President Trump says US may be banning TikTok

In a move that will strain US-China relations further, US President Donald Trump has said that he is thinking of barring popular Chinese app TikTok from the United States following concerns red flagged by American authorities about user data landing up in the hands of Chinese intelligence agencies.

“We are looking at TikTok, we may be banning TikTok. We may be doing some other things, we have a couple of options… But we are looking at a lot of alternatives with respect to TikTok,” the US President said while speaking to the media.

Hailing Narendra Modi government’s big decision to ban 59 Chinese apps in view of perceived national security threat, a group of 24 influential Republican Congressmen had written to President Donald Trump on July 15 urging a ban on TikTok and other Chinese mobile apps.

Extending support to Trump administration’s efforts to restrict TikTok and other social media platforms linked to the Chinese Communist Party (CCP) from accessing US markets, the Parliamentarians in their letter to the President had alleged that these popular apps’ “data collection practices, coupled with China’s onerous cyber security laws requiring all companies operating in China, including TikTok’s parent company, ByteDance, to share user data with CCP authorities, present a very real threat to US national security”.

Trump’s latest comments come after he had told reporters on Wednesday that the US government is thinking about imposing a ban on TikTok. “We are looking at TikTok,” Trump said when asked about possibly banning the Chinese application. “We are thinking about making a decision.”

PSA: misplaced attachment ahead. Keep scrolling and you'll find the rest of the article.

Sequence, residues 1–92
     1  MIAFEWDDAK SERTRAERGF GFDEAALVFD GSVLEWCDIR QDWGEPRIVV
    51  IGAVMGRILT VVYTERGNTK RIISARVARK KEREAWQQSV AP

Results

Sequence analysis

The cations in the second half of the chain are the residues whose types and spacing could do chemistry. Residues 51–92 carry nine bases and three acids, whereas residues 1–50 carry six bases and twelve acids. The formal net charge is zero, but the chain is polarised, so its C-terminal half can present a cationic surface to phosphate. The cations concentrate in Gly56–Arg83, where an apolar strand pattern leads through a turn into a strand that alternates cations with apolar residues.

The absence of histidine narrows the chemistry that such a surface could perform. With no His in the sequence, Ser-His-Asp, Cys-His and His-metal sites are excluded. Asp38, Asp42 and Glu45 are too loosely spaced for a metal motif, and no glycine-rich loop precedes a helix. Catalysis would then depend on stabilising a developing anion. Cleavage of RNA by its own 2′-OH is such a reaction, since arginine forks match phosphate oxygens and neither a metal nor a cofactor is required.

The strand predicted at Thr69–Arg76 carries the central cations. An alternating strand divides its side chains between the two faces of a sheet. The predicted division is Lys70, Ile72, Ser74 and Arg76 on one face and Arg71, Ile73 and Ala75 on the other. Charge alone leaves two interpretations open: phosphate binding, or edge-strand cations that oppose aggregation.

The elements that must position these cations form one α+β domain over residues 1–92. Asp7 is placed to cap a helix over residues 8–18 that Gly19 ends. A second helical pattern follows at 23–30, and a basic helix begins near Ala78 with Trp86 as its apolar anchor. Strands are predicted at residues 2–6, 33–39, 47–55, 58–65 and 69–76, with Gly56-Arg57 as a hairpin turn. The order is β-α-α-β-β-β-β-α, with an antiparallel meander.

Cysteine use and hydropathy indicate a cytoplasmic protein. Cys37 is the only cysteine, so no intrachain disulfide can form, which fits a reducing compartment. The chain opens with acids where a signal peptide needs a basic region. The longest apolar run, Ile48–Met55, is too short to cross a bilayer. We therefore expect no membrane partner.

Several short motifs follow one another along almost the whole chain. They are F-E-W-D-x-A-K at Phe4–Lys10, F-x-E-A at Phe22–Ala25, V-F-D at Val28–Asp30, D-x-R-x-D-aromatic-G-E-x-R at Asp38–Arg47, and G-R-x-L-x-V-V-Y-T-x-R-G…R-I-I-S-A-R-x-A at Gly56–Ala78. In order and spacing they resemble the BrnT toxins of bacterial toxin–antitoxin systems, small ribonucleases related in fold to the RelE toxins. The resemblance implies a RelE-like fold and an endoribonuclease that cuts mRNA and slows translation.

Earlier in July, US Secretary of State Mike Pompeo said the Trump administration was considering a ban on access to the TikTok application over privacy concerns.

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India had recently banned 59 Chinese mobile applications including the widely-used social media platforms such as TikTok, WeChat, and Helo with a view of the threat to the nation’s sovereignty and security.

The majority of the apps banned in the June 29 order were red-flagged by intelligence agencies over concerns that they were collecting user data and possibly also sending them “outside”.

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